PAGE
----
We provide support to the Leader of the House of Commons, who is responsible for planning and supervising the government’s legislative programme (including the Queen’s speech), and managing government business within the House of Commons while also upholding the rights and interests of the backbench members of the House.
Oral Answers to Questions is a regularly scheduled appearance where the Secretary of State and junior minister will answer at the Dispatch Box questions from backbench MPsOther Commons Chamber appearances can be:
Westminster Hall debates are performed in response to backbench MPs or e-petitions asking for a Minister to address a detailed issue
Written Statements are made when a current event is not sufficiently significant to require an Oral Statement, but the House is required to be informed.
Leader of the House has not tabled any Bills during the current Session.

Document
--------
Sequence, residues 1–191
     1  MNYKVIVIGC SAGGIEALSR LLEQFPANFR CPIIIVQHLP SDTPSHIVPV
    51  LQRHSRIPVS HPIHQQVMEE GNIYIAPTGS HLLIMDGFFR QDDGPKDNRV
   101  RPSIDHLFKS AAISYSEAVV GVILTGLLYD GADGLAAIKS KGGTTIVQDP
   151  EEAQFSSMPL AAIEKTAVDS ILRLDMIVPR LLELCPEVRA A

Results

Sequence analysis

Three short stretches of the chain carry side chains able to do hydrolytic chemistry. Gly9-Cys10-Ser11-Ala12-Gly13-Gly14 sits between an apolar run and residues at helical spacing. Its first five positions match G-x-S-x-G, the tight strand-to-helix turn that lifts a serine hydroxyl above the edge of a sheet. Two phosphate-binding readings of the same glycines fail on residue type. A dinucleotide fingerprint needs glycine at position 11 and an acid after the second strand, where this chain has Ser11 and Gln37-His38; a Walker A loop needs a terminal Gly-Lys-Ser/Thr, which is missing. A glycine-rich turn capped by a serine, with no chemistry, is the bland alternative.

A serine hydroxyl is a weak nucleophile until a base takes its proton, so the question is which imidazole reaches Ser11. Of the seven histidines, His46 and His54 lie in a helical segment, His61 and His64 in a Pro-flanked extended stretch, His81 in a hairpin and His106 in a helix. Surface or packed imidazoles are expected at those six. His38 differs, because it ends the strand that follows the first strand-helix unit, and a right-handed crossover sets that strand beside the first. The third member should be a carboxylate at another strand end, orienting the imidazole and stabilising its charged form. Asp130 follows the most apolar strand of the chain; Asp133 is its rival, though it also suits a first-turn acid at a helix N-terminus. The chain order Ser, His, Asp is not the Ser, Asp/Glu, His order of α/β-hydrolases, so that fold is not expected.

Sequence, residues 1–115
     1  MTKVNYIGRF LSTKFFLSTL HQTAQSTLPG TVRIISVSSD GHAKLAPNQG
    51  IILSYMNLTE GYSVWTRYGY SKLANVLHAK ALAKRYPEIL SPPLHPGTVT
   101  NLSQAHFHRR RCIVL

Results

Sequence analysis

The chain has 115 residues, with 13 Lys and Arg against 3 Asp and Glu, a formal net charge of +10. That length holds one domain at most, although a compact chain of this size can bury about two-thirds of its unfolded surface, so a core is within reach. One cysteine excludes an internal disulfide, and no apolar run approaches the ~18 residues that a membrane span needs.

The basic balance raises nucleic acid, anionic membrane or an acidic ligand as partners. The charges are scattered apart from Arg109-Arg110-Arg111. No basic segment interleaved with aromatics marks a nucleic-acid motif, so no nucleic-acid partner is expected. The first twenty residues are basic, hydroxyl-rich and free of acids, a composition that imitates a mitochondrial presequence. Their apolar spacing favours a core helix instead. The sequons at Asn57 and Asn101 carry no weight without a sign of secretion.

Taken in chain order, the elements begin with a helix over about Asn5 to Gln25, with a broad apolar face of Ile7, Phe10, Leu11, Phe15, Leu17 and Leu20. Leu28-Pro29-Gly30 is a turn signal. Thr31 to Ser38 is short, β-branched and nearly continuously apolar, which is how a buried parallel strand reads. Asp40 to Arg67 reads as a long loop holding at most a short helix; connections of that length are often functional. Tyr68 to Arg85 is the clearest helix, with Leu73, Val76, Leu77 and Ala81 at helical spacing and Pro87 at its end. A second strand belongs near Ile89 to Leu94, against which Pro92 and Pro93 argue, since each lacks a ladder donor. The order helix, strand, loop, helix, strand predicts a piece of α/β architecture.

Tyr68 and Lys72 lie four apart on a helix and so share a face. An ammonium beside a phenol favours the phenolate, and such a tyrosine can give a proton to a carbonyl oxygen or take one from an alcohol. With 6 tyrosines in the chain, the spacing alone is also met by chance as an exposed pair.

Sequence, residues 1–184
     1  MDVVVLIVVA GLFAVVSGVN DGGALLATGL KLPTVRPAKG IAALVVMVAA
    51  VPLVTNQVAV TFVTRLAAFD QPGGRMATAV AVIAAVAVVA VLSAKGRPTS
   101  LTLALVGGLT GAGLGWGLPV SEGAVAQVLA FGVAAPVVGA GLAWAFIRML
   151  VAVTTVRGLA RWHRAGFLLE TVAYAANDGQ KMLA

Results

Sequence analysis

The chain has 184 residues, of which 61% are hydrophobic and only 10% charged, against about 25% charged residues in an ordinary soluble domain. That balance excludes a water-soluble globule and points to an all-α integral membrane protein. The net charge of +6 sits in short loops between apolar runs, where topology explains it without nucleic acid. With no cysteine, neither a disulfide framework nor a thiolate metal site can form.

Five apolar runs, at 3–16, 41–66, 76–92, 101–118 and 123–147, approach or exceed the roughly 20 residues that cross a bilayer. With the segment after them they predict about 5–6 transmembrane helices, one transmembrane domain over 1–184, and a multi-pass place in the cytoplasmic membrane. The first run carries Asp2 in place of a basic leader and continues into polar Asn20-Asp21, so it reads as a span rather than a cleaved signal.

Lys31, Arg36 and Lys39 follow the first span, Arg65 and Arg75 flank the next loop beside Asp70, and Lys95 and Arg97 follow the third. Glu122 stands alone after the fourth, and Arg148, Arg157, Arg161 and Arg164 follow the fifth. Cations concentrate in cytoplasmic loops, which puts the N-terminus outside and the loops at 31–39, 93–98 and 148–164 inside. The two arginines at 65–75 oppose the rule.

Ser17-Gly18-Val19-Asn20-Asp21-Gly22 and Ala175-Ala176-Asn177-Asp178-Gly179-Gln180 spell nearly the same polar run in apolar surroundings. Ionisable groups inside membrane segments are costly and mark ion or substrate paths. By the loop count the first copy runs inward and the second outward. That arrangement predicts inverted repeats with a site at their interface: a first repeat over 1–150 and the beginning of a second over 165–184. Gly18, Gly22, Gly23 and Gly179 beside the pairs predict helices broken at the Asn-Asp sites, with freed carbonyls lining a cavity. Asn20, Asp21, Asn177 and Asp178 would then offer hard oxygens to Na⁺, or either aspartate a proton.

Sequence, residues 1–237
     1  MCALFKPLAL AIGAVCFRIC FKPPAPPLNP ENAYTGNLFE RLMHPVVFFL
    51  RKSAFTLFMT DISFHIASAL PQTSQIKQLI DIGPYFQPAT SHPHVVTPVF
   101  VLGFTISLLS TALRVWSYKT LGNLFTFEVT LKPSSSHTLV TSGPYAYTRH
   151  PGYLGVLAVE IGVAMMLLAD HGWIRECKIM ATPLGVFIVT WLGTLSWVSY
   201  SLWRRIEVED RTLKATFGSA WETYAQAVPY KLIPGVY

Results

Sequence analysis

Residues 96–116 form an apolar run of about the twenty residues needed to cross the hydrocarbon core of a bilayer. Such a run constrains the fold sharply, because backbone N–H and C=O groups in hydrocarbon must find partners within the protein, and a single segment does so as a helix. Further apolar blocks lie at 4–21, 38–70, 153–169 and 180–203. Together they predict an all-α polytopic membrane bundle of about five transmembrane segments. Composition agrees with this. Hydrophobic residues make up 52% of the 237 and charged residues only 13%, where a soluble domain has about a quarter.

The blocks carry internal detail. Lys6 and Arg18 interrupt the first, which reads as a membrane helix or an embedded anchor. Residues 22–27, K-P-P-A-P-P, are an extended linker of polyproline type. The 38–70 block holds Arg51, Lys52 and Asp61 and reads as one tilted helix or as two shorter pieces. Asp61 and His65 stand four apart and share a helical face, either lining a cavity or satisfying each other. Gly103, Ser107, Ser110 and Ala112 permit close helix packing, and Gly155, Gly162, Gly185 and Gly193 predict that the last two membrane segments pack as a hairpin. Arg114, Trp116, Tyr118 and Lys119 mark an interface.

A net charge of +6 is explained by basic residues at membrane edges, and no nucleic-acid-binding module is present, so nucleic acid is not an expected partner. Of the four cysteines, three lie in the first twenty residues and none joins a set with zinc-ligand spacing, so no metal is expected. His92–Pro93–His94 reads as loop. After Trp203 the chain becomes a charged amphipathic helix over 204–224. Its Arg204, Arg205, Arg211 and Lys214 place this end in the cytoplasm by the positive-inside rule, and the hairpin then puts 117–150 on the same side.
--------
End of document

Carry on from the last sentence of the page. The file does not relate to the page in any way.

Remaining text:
|May. 08||Government introduces bill to tackle Palace of Westminster fire risk||News and Communications|
|Dec. 21||Policy paper: Business Statements: Office of the Leader of the House of Commons, December 2018||Policy paper|
|Dec. 04||Roscoe Lecture Series - Andrea Leadsom||News and Communications|
Written Questions are submitted by Members of Parliament and the House of Lords to receive information or updates from a Department.
Departments are required to respond in a timely fashion and provide a response or requested information. Written Questions can compel detailed and specific information to be produced, and are frequently used as the source of news stories about the work of a Department.
|22 Jun 2020, 4:20 p.m.||Electronic Government: Petitions||Patrick Grady|
To ask the Leader of the House, whether he has made an assessment of the potential merits of bringing forward proposals to enable the Petitions Committee to schedule debates based on petitions created on websites other than the UK Parliament e-petition website.
Answer (Mr Jacob Rees-Mogg)
The Government acknowledges the important role that petitions and debates on petitions play in allowing people to scrutinise the government on their own terms. The e-petitions website is jointly owned by Parliament and Government but is overseen by the House of Commons Petitions Committee. It is for the Petitions Committee to bring forward petitions for debate under Standing Order No. 10 (1)(a) and Standing Order No. 145A.